There is more research out on the importance of what college-bound students choose to study over where they go to school on the botttom-line return on their investment. But the most recent findings show the decision is even more critical for young women.
“Which Is More Consequential: Field of Study or Institutional Selectivity?,” published in the winter issue of The Review of Higher Education analyzed the paths of 2,000 students by type of institution, field of study, and earnings up to age 26 from data in the National Education Longitudinal Study. The authors, Yingyi Ma, an associate professor of sociology at Syracuse University, in New York, and Gokhan Savas, and assistant professor of sociology at Luther College, in Decorah, Iowa, used control factors to be sure the comparisons were of simliarly qualified students.
The study found women reap less earnings advantage from selective institutions but similar advantages from lucrative fields compared to men. In other words, young women fared well going into a high-paying field, such as engineering, whether they went to a public school or an elite private university. Yet, there was a gender gap among students who chose non-lucrative majors at selective colleges with men earning more upon graduation.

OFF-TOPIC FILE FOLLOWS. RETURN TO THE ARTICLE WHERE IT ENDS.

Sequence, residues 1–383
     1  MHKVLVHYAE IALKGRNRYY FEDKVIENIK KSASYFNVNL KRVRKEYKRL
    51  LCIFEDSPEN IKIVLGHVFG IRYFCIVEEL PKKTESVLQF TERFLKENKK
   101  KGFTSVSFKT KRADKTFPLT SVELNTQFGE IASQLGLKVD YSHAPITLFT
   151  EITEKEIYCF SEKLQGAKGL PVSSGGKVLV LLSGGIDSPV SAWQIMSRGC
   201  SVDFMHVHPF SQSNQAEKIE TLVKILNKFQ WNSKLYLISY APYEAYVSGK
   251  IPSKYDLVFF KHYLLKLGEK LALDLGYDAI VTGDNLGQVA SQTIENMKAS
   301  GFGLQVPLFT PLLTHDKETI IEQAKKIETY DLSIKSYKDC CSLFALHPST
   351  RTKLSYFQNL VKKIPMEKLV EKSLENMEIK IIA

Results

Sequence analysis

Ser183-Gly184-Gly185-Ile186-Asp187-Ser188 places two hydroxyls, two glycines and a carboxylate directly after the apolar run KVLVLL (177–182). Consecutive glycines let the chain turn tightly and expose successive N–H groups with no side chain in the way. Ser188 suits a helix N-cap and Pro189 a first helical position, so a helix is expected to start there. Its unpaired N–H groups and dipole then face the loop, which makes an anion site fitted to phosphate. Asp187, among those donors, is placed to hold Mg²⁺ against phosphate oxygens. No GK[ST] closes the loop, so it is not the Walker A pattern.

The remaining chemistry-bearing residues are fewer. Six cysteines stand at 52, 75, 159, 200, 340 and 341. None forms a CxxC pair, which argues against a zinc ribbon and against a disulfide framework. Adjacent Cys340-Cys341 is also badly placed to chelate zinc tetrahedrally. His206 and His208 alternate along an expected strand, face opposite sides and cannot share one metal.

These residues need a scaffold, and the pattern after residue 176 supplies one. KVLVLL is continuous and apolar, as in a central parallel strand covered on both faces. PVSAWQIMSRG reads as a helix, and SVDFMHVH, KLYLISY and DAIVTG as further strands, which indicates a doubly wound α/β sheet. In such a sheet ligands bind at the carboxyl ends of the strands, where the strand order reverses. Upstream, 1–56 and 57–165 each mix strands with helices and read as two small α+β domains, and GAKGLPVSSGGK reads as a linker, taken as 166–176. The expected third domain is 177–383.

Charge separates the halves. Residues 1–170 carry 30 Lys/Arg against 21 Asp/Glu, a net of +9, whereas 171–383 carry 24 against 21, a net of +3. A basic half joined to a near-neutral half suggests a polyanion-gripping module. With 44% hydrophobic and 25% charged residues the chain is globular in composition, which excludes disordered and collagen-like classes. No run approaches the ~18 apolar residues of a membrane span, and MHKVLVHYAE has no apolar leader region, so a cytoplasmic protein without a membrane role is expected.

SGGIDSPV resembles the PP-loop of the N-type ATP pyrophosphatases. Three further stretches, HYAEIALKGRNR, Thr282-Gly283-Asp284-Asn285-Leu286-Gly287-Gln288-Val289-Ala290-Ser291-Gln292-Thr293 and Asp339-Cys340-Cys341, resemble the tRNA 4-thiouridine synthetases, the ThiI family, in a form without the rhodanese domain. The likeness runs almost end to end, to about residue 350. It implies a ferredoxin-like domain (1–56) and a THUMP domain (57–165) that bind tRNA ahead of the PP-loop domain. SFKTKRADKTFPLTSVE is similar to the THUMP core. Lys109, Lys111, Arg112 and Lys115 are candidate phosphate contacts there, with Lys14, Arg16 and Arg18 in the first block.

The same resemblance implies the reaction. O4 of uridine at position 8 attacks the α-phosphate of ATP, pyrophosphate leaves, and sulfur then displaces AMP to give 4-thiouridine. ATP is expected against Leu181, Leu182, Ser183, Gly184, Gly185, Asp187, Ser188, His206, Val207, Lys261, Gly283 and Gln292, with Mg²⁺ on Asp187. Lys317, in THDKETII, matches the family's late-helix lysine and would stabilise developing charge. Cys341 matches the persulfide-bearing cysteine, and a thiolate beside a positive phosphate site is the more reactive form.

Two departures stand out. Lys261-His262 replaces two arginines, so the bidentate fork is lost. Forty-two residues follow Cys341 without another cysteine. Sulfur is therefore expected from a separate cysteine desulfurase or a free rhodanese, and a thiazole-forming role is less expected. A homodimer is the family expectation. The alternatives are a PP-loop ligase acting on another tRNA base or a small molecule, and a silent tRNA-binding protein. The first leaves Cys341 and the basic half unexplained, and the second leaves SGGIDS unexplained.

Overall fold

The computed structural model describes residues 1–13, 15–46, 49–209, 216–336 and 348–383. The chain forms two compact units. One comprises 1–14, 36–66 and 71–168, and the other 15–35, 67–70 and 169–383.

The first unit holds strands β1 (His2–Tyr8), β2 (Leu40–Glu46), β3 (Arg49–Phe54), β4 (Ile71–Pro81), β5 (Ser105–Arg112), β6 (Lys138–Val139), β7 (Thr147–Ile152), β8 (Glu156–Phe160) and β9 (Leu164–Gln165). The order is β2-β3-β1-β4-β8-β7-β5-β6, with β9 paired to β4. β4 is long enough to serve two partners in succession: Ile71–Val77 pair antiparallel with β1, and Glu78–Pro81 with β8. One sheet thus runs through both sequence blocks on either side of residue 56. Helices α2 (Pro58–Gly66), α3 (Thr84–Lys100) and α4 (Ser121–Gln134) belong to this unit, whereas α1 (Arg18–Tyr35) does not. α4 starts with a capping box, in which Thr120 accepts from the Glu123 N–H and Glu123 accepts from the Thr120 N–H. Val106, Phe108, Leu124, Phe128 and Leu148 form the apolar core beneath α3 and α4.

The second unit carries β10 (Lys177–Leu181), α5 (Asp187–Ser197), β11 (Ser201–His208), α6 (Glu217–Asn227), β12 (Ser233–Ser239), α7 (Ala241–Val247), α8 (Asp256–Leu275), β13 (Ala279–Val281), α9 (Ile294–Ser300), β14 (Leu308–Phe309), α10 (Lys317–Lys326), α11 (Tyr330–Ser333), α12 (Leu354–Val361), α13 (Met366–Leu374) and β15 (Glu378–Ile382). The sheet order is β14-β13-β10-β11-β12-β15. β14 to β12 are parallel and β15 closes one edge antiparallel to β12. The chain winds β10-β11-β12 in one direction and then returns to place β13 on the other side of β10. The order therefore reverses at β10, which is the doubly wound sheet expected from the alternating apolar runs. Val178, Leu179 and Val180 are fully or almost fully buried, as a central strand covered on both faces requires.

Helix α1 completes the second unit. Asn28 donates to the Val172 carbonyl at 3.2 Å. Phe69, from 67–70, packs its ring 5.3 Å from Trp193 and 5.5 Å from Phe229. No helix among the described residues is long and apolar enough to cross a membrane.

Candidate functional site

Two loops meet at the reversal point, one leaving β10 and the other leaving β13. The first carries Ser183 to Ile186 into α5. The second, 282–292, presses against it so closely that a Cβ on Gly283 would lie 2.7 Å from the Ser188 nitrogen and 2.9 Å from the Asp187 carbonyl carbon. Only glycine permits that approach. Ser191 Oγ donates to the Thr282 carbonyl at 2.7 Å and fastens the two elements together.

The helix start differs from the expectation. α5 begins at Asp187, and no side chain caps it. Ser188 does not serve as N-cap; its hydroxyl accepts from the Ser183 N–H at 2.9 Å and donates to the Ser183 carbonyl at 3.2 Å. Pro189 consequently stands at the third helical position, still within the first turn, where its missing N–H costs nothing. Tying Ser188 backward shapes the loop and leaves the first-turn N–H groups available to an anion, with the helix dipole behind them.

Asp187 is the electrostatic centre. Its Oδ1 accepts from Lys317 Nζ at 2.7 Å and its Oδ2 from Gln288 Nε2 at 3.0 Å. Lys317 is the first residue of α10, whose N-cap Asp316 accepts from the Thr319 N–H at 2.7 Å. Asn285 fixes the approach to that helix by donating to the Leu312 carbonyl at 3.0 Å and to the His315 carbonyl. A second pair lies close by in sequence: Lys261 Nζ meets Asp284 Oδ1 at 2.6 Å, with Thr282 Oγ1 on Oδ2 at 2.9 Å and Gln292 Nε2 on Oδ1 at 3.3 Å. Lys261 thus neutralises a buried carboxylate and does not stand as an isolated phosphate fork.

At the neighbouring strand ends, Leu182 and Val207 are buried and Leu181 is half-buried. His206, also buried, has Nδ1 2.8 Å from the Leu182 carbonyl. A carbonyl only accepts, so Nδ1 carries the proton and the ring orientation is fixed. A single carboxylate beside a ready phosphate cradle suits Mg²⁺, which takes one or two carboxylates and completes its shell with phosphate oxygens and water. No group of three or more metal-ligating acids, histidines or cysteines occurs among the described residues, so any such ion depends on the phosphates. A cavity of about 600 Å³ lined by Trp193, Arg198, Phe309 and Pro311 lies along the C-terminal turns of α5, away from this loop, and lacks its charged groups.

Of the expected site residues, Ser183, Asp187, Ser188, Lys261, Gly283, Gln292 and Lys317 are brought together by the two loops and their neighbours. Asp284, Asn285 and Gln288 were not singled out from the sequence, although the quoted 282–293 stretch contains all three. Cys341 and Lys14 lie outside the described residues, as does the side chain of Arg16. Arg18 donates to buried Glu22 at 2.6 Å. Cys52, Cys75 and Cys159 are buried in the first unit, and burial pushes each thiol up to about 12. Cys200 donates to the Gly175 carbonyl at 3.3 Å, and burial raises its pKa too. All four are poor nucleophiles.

Reseachers are interested in exploring the topic since women, on average, earn about 82 cents for every dollar earned by a man and the gap is greater for those with at least a bachelor’s degree. Yet, in recent years more women have begun attending and graduating college than men.
The authors caution that it’s not that women don’t gain anything by attending an elite college, but men just appear to gain more, according to an article in Inside Higher Ed. In an interview, Ma said the reason may be that male students at elite schools are more likely to form connections that help with their careers.
The result of this study may make a difference in college choice for young women, especially those from disadvantaged backgrounds, as they realize career choice is a great factor in their later earnings than where they attend, Ma said in the article.
One limitation to note: The research tracks young people up to age 26, so it doesn’t account for gains that might come from graduate school.
A version of this news article first appeared in the College Bound blog.